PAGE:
Earlier this year, on instagram, I noticed there was a #scrappylogcabinQAL and a movement to #sewmystash2015. I had been stashing sunny yellow fabrics for almost a year to make my daughter some sort of quilt. I thought, why not combine the two hashtags and sew my daughter a log cabin quilt from stash? Yes!
I was contemplating using square log cabin blocks, but found that they didn’t give me the twin sized quilt I wanted or they ended up with an odd number of blocks along the side, which didn’t suit the layout I wanted to use. I realised that a rectangular block would work much better, so that’s what I went with. My blocks are 10″ x 11″ finished (sewn together).
My final layout was 6 blocks by 8 blocks, and they are arranged in the configuration commonly known as Sunshine and Shadows. Boy, there are some configurations out there – this was the hardest part of this quilt, deciding which to go with. And then deciding which way to gradate the colours. Dark against light, light against light, phew. I finally settled on my version as I felt it made the ‘stars’ pop the most.
Light to dark vs dark to light in the grey fabrics. I was also contemplating using a HRT instead of a plain centre rectangle in these mock ups:
I’ve put together an information sheet on this quilt should you wish to make this 60″ x 88″ twin log cabin quilt.
I did a few things that made it really quick to put this quilt together.
Normally when chain piecing I like to leave about a half inch between blocks in the ‘chain’ and then cut them apart with my ruler as a guide, lined up along the length of my block. This is painful.
With this quilt, when I chain pieced I butted my blocks up right next to each other, like this:
Then when I cut them apart it only took one cut instead of two, and many times I just used scissors and eyeballed it.
I did NOT trim the blocks back with each round. I just trimmed the final blocks to 10.5″ x 11.5″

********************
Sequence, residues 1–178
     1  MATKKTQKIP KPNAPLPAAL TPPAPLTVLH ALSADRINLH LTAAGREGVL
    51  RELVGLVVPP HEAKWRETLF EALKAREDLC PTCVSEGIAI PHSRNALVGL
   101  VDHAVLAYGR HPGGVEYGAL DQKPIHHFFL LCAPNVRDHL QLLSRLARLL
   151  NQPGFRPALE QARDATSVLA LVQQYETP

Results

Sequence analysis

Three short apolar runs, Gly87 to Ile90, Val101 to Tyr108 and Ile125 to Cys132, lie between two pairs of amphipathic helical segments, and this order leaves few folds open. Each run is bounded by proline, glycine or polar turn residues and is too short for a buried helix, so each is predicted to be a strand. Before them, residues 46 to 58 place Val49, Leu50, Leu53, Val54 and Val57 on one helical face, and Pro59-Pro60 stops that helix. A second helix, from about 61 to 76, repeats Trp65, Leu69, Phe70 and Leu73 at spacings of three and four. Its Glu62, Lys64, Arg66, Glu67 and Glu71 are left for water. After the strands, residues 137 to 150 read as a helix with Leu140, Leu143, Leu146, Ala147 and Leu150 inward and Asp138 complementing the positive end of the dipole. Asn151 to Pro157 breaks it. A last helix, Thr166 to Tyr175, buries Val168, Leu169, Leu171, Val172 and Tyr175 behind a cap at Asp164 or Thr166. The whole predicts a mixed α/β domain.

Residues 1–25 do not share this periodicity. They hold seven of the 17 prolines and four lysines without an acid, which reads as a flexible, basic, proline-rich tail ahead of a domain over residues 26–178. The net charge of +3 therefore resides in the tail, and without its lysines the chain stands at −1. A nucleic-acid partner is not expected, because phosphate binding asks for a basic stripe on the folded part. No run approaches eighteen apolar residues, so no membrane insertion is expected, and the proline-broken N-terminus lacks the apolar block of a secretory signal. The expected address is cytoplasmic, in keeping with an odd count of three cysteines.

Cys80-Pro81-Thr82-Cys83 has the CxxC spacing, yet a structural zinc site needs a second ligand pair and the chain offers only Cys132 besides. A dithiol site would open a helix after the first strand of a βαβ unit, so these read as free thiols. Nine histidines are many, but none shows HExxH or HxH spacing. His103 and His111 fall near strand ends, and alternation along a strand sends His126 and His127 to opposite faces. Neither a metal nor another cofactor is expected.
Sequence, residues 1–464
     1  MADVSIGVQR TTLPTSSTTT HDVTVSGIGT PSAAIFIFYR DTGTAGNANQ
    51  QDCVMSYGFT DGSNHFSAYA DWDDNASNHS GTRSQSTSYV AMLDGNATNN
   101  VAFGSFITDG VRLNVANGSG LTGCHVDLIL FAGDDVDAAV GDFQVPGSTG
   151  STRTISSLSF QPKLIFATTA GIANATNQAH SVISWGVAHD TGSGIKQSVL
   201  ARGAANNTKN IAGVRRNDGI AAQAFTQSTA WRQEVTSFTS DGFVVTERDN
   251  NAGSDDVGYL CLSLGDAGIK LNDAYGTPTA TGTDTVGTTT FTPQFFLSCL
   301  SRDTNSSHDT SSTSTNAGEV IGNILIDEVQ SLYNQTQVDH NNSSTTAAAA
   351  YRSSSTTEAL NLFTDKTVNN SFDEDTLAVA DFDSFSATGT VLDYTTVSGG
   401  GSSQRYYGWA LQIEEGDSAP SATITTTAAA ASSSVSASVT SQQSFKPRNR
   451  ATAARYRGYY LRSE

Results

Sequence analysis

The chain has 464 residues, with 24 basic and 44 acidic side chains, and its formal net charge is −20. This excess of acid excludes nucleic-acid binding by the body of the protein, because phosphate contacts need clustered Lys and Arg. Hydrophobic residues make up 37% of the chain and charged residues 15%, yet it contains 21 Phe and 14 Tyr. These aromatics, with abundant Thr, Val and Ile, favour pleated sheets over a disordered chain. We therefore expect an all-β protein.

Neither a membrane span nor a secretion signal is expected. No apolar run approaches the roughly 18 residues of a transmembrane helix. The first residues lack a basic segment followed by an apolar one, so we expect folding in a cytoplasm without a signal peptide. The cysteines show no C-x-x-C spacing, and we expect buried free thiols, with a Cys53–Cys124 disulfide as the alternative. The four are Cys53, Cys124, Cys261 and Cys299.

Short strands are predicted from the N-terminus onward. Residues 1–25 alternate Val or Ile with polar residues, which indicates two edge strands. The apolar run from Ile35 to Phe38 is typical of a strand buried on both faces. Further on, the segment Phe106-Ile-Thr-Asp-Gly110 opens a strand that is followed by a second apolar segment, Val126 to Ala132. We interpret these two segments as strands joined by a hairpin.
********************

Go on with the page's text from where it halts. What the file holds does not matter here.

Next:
I only ironed after each round, not after each individual log. I finger pressed the seams within each round. When I did iron, I pressed all my seams to the side. It was super quick to iron them like that.
These blocks came together so quickly using this method – it was so gratifying.
It would be remiss of me not to point out that this method will lead to some inconsistencies in your blocks – you can see below that my greys aren’t lining up from block to block. I don’t mind and I know my daughter doesn’t care, so I was happy with the trade off.
Once the top was finished I basted and did some fairly quick quilting.
I used a decorative straight stitch to sew anchoring lines between all the ‘stars’ (along the light grey grid) and around the edges. Then I decided to tie the quilt within these lines, using a decorative star pattern dotted around various spots within. The star stitches work in nicely with the starburst pattern and the quilt is very soft and cuddly given the low density quilting.
The binding was scrappy and I used a zig zag stitch to machine sew it to the quilt – my first time ever. Again, not perfect, but super functional and I don’t believe it takes anything away from the busy design.
So there you have it! A twin sized, rectangular log cabin quilt, whipped up in a jiffy.
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Wishing you all a wonderful weekend with a few (or maybe many?) moments of sewing.